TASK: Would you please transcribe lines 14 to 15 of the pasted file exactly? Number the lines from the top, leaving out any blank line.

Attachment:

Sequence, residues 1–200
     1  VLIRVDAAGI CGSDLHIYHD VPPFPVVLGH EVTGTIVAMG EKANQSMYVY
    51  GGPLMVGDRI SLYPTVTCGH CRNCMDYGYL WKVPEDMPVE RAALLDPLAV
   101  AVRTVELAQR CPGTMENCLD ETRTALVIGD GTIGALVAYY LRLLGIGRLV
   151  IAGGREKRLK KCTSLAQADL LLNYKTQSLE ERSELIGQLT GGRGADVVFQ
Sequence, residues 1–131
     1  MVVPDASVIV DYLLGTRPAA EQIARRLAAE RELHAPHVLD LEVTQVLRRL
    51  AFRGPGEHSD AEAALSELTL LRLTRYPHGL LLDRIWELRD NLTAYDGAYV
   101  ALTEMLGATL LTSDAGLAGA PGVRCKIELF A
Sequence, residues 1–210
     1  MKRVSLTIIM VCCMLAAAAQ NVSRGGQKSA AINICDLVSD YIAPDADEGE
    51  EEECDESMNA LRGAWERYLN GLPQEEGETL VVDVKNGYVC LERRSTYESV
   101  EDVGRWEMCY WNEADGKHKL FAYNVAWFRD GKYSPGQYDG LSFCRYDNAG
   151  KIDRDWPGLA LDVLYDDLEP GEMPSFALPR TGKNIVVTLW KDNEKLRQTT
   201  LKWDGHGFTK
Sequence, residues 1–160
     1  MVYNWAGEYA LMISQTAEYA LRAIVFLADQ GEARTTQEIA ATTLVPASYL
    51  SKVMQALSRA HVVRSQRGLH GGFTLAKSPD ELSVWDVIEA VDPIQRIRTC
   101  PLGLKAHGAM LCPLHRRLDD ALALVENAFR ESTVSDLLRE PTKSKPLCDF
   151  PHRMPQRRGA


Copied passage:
   151  KIDRDWPGLA LDVLYDDLEP GEMPSFALPR TGKNIVVTLW KDNEKLRQTT
   201  LKWDGHGFTK